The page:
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I have a SQL Server Stored Procedure for getting the next number in sequence stored in a configuration table:

declare @val as int
SELECT @val = LongValue
from tblSystem
WHERE [Key] = @Key;

SET @val = @val + 1;

UPDATE tblSystem
set LongValue = @val
where [Key] = @Key

select @val;

Will running this within a Stored Procedure avoid any possible concurrent reads and avoid having a caller receive the same number? Should I use a transaction instead?

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marked as duplicate by Max Vernon, Jon Seigel, RolandoMySQLDBA, Mike Walsh, Paul White Oct 28 '13 at 23:25

This question has been asked before and already has an answer. If those answers do not fully address your question, please ask a new question.

    
Which SQL Server version are you using? –  Sebastian Meine Oct 28 '13 at 19:11
    
@SebastianMeine good question! I am not sure what production is running, will find out, but it definitely is > 2005. –  Jonas Stawski Oct 28 '13 at 19:15
    
@SebastianMeine it seems to be 2008, according to the Compatibility level of the backup I received –  Jonas Stawski Oct 28 '13 at 19:26
2  
See my question here for many other great answers: dba.stackexchange.com/questions/36603/… –  Max Vernon Oct 28 '13 at 19:29

1 Answer 1

up vote 2 down vote accepted

Any time you want to access a value more then once and you need to be sure that that value did not change in the mean time, you need to include the two accesses in a single transaction. But even more, you also need to make sure that appropriate locks are held.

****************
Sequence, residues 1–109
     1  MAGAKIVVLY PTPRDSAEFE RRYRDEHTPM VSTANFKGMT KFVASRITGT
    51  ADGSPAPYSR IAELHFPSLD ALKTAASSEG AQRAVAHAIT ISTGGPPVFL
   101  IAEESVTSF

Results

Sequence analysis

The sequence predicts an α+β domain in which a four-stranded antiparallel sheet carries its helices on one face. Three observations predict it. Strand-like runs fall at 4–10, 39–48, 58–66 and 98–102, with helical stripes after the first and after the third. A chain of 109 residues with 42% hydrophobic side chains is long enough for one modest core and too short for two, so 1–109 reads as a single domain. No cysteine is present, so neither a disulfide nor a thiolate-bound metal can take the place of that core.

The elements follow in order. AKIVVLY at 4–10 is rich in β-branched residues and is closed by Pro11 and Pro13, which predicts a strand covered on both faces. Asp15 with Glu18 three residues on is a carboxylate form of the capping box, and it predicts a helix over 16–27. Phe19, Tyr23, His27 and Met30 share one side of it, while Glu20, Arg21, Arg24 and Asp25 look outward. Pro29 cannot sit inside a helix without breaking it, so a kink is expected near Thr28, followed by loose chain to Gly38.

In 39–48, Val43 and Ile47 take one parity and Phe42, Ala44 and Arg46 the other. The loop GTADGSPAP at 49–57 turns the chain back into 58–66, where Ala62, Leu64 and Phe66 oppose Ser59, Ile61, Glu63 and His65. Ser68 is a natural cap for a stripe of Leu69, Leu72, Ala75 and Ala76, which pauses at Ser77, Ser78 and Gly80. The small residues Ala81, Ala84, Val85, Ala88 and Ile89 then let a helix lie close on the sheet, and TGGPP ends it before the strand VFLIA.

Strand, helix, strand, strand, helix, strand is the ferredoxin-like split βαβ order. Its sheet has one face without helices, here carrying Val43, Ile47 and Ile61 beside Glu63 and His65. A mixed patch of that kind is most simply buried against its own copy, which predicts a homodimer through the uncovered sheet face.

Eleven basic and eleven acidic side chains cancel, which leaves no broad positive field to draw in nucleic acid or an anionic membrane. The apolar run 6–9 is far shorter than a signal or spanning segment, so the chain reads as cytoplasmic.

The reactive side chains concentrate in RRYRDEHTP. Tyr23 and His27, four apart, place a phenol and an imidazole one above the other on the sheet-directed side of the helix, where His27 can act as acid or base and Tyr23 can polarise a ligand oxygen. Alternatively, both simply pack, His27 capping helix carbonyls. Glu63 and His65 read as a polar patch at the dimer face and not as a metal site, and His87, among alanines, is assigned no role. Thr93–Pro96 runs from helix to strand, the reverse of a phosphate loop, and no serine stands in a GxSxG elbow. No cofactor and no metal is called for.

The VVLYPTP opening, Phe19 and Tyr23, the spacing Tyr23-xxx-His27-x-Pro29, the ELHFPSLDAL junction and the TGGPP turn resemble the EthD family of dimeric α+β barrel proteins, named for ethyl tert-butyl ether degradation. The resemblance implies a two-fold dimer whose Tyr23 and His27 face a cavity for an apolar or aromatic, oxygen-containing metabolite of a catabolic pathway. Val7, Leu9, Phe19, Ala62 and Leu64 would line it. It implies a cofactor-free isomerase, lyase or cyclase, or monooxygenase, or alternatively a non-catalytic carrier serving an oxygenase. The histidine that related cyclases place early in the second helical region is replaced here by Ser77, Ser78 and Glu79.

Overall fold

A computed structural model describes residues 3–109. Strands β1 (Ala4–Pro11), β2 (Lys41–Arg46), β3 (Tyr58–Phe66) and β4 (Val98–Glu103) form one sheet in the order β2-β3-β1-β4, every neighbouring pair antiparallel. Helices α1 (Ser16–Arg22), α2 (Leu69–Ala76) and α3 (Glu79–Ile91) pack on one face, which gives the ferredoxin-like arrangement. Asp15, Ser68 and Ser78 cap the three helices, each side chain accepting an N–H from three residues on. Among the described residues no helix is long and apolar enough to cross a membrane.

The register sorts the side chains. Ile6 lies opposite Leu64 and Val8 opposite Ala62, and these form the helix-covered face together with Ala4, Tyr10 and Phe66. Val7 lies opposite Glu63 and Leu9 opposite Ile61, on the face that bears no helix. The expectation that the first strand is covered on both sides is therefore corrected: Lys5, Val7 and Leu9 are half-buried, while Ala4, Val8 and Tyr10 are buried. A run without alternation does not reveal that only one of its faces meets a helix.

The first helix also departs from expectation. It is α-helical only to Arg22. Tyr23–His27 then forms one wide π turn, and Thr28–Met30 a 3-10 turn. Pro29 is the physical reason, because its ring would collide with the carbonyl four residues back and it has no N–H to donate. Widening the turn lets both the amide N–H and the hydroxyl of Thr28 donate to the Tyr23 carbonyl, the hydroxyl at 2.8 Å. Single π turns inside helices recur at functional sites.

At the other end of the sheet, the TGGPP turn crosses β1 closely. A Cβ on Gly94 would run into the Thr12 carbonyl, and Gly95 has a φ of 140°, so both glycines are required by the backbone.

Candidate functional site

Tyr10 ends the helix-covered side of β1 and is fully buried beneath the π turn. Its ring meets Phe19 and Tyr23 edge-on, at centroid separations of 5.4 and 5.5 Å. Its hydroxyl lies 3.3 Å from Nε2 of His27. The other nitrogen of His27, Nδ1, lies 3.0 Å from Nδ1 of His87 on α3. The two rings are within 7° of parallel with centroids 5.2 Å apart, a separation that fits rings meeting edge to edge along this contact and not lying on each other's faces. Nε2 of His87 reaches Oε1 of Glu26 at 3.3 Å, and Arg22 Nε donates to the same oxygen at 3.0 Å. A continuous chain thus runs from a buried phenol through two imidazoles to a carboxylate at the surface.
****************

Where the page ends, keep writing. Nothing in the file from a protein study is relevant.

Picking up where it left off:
If you are doing a SELECT followed by an UPDATE in a separate statement, you need to either switch the transaction isolation level to repeatable read or serializable or, even better, supply the WITH(UPDLOCK) hint on the first select. The UPDLOCK hint expresses the intend to later update this row. It will allow concurrent reads but prevent any other type of update request.

In SQL Server, other than in some competing RDBMSs, a stored procedure does not automatically provide transaction scope, so even with statements inside a procedure you still need to manage a surrounding transaction, either by always calling the procedure inside a transaction or by opening and committing a transaction inside the procedure.

All that being said however, in your case you don't even need multiple statements. Just combine the UPDATE with an OUTPUT clause:

UPDATE dbo.tblSystem
   SET LongValue += 1
OUTPUT INSERTED.LongValue
 WHERE [Key] = @Key;

Each statement in SQL Server is automatically executed within a "statement transaction" (no matter if called inside a procedure or not). Because you are using the UPDATE statement, SQL Server also takes care of the appropriate locking level. Therefore this is "threadsafe".

As an added bonus it should also execute faster.

Here is a SQL Fiddle to demonstrate this

MS SQL Server 2008 Schema Setup:

CREATE TABLE dbo.tblSystem([Key] INT PRIMARY KEY CLUSTERED, LongValue BIGINT);

INSERT INTO dbo.tblSystem VALUES(42,0);

GO
CREATE PROCEDURE dbo.GetNextValue
  @Key INT
AS
BEGIN
  UPDATE dbo.tblSystem
     SET LongValue += 1
  OUTPUT INSERTED.LongValue
   WHERE [Key] = @Key;
END;

Query 1:

EXEC dbo.GetNextValue 42;

Results:

| LONGVALUE |
|-----------|
|         1 |

Query 2:

EXEC dbo.GetNextValue 42;

Results:

| LONGVALUE |
|-----------|
|         2 |

Query 3:

EXEC dbo.GetNextValue 42;

Results:

| LONGVALUE |
|-----------|
|         3 |

Query 4:

EXEC dbo.GetNextValue 42;

Results:

| LONGVALUE |
|-----------|
|         4 |
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Sebastian, thanks for the detailed answer. The table has a trigger so this solution didn't quite work. I was getting The target table 'tblSystem' of the DML statement cannot have any enabled triggers --if the statement contains an OUTPUT clause without INTO clause. I had to change it to DECLARE @val as table(val int); --...; OUTPUT INSERTED.LongValue into @val; –  Jonas Stawski Oct 28 '13 at 19:36

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